bake - April 2018 - 9

A good rule of thumb to follow is projecting your bakery's firstyear sales at three times startup costs. Shoot for 10% profit, and
you may be able to pay off startup costs in three to five years.
Do the math on everything. "I do projected sales on a spread
sheet with average check and average number of customers for
each hour of the day we are open," Chang says. "You should be
able to pay your rent in one day's sales."
Eventually (some bakery owners wait a year or more), you as a
bakery owner will need to pay yourself a salary. Chang remem-


bers not caring about such money matters in the beginning,

Lack of consistency
Unclear vision
Inability to lead team

but "you will care if you work 10 years and you have nothing to
show for it."
Real estate location is vital, and it's important to think through
your plan, she adds. Scherber lived in Hell's Kitchen prior to


her first bakery opening and recognized the once-dodgy area

Go to work in a bakery first
Learn how to manage people
Everything takes twice the time at twice the cost
Keep personal risk as low as possible

was growing in popularity. "Real estate is a big issue. Today, it's
harder to find these little quirky places that are up and coming."
Chang recommends negotiating long leases - a minimum of
10 years with options. "You don't want the landlord saying after
five years that we're going to double your rent."
Doing your own thorough research on possible locations is
always a good idea, as is contacting a real estate broker to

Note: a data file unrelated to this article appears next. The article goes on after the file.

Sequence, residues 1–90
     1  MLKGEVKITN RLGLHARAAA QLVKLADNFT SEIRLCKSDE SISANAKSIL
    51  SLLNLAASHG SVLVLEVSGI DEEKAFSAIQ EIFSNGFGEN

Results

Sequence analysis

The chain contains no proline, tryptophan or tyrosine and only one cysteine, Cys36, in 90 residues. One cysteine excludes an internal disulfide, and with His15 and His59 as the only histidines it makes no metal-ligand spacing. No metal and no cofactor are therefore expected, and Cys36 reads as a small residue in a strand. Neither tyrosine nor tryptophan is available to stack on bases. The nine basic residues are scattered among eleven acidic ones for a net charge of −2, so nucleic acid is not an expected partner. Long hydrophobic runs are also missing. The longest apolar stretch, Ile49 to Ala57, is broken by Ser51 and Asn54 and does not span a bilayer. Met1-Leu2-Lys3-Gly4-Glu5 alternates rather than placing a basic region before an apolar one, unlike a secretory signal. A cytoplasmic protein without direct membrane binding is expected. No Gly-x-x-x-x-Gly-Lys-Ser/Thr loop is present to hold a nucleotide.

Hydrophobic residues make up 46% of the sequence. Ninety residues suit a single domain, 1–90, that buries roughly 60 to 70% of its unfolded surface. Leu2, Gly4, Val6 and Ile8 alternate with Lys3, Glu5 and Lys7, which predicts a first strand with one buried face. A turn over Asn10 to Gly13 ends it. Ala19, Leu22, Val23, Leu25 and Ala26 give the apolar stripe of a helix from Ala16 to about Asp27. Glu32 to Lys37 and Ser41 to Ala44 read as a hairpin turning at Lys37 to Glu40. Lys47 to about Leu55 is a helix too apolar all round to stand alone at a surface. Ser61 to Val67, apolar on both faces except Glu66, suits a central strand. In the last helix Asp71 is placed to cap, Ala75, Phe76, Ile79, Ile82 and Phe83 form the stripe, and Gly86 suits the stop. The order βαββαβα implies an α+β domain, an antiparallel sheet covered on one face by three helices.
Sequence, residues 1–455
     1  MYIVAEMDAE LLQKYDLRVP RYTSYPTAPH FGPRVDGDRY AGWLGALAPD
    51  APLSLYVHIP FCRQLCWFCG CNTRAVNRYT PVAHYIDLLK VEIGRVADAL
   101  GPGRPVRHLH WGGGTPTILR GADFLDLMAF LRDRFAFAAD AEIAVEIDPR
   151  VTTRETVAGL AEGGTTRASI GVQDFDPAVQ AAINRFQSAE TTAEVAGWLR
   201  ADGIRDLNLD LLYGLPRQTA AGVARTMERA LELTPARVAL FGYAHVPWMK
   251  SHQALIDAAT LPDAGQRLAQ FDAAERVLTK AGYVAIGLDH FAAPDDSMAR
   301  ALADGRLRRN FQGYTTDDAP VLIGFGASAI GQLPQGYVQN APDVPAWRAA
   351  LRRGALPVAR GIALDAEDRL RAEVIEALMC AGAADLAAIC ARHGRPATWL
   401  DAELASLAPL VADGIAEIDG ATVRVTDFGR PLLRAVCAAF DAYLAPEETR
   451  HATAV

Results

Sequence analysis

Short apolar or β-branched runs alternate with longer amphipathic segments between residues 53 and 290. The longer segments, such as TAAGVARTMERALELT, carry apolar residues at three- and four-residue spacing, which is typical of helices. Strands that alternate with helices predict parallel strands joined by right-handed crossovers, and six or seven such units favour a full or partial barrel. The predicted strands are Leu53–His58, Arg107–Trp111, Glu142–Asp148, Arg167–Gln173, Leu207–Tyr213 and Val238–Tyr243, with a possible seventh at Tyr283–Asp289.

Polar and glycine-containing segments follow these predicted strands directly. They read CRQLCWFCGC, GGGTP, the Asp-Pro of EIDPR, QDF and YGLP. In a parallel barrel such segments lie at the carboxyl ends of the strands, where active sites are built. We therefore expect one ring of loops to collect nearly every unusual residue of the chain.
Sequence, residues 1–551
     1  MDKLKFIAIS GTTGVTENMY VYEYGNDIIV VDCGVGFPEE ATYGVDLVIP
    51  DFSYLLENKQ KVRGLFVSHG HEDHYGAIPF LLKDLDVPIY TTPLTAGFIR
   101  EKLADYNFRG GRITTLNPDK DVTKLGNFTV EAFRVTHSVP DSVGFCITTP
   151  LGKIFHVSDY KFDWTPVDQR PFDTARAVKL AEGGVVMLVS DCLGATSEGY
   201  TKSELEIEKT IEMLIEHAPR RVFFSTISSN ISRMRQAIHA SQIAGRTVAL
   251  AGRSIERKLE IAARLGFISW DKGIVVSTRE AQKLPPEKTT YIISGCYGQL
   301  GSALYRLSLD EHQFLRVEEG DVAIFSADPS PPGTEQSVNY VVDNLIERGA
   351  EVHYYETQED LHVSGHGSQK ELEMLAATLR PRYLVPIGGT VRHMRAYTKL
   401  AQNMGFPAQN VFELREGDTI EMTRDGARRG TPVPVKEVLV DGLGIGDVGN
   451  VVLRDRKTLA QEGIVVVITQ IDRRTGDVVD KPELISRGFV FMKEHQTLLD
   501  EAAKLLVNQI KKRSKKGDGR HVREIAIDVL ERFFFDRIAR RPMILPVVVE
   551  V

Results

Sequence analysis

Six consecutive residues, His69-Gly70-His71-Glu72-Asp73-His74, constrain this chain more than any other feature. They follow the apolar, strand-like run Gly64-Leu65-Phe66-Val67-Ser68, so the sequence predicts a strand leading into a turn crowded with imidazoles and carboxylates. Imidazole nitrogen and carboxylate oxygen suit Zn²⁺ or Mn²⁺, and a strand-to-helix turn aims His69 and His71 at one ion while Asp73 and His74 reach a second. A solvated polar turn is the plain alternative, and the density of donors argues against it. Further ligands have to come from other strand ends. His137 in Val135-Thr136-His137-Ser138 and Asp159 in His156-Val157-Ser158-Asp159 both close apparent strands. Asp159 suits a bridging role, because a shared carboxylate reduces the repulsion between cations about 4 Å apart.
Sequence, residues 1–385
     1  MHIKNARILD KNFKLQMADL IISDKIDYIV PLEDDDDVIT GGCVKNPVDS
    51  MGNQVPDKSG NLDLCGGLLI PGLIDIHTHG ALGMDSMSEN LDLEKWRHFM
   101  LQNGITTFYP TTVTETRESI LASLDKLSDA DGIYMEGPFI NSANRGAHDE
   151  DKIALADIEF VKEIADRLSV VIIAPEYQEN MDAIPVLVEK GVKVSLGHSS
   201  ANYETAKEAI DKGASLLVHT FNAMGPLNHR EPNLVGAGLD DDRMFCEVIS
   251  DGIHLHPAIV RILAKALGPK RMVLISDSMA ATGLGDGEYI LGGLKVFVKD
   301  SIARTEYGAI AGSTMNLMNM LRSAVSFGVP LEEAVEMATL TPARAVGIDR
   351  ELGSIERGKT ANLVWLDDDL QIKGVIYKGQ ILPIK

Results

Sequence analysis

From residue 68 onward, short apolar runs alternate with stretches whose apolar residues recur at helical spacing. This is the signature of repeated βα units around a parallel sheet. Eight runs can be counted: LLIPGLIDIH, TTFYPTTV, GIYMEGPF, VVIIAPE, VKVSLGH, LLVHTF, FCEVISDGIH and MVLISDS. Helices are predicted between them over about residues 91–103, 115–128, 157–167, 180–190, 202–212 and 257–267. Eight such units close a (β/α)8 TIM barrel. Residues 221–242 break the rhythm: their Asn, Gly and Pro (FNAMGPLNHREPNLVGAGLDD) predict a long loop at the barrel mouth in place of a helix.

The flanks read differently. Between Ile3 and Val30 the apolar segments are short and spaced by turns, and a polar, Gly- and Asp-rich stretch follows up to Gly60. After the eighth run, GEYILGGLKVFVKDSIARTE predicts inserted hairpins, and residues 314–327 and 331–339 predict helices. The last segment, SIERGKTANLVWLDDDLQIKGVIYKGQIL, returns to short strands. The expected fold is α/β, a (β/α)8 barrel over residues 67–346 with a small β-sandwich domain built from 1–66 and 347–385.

look at 20 or more open spaces. "Get involved and know the
spaces," Scherber says. "Finally, you can find that perfect spot."
Look closely at potential hidden costs in each building space
you investigate. What's the ventilation like? The water lines?
Some spots can save you upwards of $50,000 in renovation
costs, Scherber says.

S corporations differ from the standard C corporation
because S corporations are pass-through tax entities,
according to They file an informational federal return, but no income tax is paid at the
corporate level. The profits/losses of the business are
"passed-through" the business and reported on the
owners' personal tax returns. Any tax due is paid
at the individual level by the owners. Both S and
C corporations offer limited liability protection, so
shareholders (owners) are typically not personally
responsible for business debts and liabilities.

Chang suggests negotiating with landlords on a tenant
improvement allowance to cover the costs of improvements.
Calculate your gross monthly rent per square foot, including
taxes, insurance and maintenance. Utilities in cities like Boston,


Chang says, are extra. Make sure an architect looks at your plan
to make sure you can pass the health department inspection.
"Pay a lawyer to look at your lease," Chang urges. Scherber
agrees: "Giving the landlord a lot of your money is never a

S corporations face more extensive internal formalities than LLCs, according to LLCs
are recommended, but not required, to follow internal
formalities. Owners of an LLC can choose to have
members (owners) or managers manage the LLC. S
corporations have directors and officers. The board of
directors oversees corporate affairs and handles major
decisions but not daily operations. Instead, directors
elect officers who manage daily business affairs.

good idea." | APR 2018 > 09

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